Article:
Graham Dwyer trial: Pharmacist says Elaine O’Hara seemed ‘normal’ on day she disappeared

Former colleague says Ms O’Hara mentioned meeting men online

Pharmacist Soha Yasbeck leaving court yesterday where she gave evidence in the trial of Graham Dwyer who has pleaded not guilty to the murder Elaine O’Hara in August 2012. Photograh: Collins Courts

Pharmacist Soha Yasbeck leaving court yesterday where she gave evidence in the trial of Graham Dwyer who has pleaded not guilty to the murder Elaine O’Hara in August 2012. Photograh: Collins Courts


A pharmacist in Stepaside has told the jury in the Graham Dwyer murder trial that Elaine O’Hara seemed “normal” on the day she disappeared.

Soha Yasbeck said Ms O’Hara had been a a customer since approximately 2010 and attended the pharmacy every month.

Childcare worker Elaine O’Hara (36), from Killiney, in Dublin, was last seen at about 5.45pm on August 22nd, 2012, near Shanganagh cemetery in south Dublin, where her mother is buried.

Her remains were found in the Dublin mountains on September 13th, 2013.

Mr Dwyer (42), of Kerrymount Close in Foxrock, Dublin 18, was arrested in October 2013 and is charged with murdering Ms O’Hara. The south Dublin architect has pleaded not guilty.

Asked by Seán Guerin SC, for the prosecution, whether she recalled seeing Ms O’Hara on the day she disappeared, Ms Yasbeck said she had seen her after lunch that day and that she had seemed “normal”.

The court heard that Ms O’Hara was on a range of different medication for ailments including diabetes, asthma, depression, stomach upset, vertigo and nerves.

Ms Yasbeck said Ms O’Hara had no money on the day in question as she had just been discharged from hospital, but gave a commitment to pay in the coming days when she would be paid.

She added that this was a regular arrangement she had with Ms O’Hara who “always paid”.

Under cross-examination by Mr Farrell, Ms Yasbeck told the court Ms O’Hara had acquired €8,740 worth of medication over a two-year period.

Mr Farrell also asked whether any of the drugs Ms O’Hara was on would cause difficulty getting pregnant. She said they would not.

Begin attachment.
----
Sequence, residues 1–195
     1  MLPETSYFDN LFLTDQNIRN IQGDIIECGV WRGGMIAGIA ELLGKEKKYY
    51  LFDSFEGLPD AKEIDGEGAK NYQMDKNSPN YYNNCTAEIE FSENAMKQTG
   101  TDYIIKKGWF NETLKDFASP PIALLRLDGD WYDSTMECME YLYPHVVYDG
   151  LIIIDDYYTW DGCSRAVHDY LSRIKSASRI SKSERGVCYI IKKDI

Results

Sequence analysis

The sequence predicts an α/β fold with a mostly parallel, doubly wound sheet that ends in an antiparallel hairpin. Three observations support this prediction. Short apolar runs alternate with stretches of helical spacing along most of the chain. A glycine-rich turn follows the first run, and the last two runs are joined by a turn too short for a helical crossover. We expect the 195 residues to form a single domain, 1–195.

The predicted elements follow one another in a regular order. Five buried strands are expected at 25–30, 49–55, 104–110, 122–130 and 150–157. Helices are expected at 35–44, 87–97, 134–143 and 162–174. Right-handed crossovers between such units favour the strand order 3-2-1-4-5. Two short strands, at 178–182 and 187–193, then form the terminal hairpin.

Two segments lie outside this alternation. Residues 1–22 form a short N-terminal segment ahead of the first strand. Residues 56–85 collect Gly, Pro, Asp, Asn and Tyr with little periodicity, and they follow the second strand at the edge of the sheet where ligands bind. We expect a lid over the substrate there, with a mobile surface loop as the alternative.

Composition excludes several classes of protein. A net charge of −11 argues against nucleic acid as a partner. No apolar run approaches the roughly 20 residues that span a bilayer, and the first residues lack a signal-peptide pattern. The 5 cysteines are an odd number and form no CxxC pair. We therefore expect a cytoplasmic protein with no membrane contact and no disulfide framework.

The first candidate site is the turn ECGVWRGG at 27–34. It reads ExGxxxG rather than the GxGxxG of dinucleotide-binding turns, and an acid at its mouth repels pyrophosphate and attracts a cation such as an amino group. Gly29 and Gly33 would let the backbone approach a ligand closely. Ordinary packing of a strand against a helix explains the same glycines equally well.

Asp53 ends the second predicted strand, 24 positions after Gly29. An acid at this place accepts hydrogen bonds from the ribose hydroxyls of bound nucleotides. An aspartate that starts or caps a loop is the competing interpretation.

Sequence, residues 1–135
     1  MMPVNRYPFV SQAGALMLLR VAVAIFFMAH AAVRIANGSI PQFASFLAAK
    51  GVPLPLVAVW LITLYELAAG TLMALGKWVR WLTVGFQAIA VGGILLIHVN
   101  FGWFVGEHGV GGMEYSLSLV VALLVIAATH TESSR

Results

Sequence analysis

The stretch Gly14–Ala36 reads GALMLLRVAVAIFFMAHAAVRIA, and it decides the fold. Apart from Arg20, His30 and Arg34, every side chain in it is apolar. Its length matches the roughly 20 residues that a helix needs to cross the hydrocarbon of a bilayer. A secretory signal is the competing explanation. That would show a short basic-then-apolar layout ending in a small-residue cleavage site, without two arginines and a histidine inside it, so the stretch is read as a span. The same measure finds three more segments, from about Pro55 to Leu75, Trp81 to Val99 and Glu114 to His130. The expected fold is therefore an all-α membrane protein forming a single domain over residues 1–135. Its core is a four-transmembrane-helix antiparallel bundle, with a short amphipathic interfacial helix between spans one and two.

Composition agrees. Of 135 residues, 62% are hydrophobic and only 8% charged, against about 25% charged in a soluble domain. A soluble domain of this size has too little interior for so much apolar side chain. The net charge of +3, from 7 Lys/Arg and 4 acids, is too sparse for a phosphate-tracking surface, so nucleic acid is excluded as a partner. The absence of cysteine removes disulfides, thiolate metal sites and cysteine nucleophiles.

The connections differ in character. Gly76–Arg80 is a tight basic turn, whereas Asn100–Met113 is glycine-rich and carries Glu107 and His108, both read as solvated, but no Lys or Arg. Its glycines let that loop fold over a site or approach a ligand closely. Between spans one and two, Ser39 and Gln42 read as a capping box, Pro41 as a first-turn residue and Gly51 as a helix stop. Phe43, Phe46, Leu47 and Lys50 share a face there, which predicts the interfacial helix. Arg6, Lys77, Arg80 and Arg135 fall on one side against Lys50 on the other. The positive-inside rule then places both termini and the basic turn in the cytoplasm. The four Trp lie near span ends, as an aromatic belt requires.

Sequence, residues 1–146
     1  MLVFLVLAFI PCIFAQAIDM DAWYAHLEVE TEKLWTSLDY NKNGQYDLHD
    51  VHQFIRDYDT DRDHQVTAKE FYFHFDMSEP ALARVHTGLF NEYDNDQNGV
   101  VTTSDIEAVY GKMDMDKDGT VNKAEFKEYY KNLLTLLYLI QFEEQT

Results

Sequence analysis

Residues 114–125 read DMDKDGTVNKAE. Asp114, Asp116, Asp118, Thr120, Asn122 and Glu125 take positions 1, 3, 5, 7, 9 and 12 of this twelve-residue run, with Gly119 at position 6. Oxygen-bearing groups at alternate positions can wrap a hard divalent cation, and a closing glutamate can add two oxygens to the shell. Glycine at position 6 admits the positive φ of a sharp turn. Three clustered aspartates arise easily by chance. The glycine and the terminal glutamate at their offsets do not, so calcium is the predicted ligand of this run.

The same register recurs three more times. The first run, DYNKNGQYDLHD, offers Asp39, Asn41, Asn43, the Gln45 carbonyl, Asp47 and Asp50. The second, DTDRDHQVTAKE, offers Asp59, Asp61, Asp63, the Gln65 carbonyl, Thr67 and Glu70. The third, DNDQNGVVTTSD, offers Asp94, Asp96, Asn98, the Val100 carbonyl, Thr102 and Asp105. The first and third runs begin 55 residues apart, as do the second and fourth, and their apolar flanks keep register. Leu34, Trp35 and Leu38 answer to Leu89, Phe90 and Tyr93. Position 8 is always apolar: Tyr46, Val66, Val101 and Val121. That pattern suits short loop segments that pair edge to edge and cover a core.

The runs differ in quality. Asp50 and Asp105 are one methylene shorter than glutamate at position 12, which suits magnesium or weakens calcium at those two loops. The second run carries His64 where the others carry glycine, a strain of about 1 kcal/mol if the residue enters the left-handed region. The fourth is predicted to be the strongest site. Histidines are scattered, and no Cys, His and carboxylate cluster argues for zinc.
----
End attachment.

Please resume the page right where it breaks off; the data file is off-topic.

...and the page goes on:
Evidence was also heard from Jane Cahill, a colleague at Ken’s Newsagents in the Blackrock Shopping Centre where Ms O’Hara worked. Ms Cahill had also worked with Ms O’Hara at a shop in Dún Laoghaire and had known her for about 10 years.

On the day of her disappearance, Ms Cahill said Ms O’Hara telephoned her at the shop in Blackrock. “She asked me to remember to put her down for hours the following week and that she was available,” she said.

Ms O’Hara was “very open” about having mental health issues, said Ms Cahill, although she wouldn’t refer to them “by name”.

Asked by the defence whether she had come to know anything about Ms O’Hara’s personal life, she said “yes and no”.

“Elaine was quite an introverted person,” she said. “She’d let you know what she wanted to know. We were friends but there were some parts of her life she kept very private.”

Asked whether it would be fair to say a lack of money would “get her down”, Ms Cahill said Ms O’Hara “got worried about bills, like everyone”.

Mr Farrell also asked Ms Cahill whether there had been any discussion with Ms O’Hara about getting pregnant. “She told me at one stage she couldn’t have children because of the medication she was on,” she said.

Ms Cahill said Ms O’Hara also spoke “openly” about self-harm and that she had seen scars on her arms.

Asked whether Ms O’Hara ever spoke about bondage, Ms Cahill said she had brought it up on one occasion, but that “we thought she was joking – we didn’t take it seriously”.

“There was an impression that she liked to shock. We didn’t actually think it was true,” she added.

Another witness, Emma Robertson, the daughter of the owner of Ken’s Newsagents in Blackrock, worked with Ms O’Hara and said she had mentioned “a married man she was involved with” on one occasion.

On another occasion, Ms O’Hara had confided that she suspected she may be pregnant. Ms Robertson advised her to go next door to the pharmacy and get a test, but Ms O’Hara declined as staff there was familiar with her.

“That was the end of it,” she said. “You take it with a pinch of salt because you would never know what was true and what wasn’t true.”

Barrister Ronan Kennedy for the defence asked Ms Robertson if Ms O’Hara had ever mentioned meeting men online.

Ms Robertson said she had. Mr Kennedy then asked whether she had ever mentioned a “married man from the country”.

Ms Robertson said she remembered mention of a married man but not a reference to his being from the country.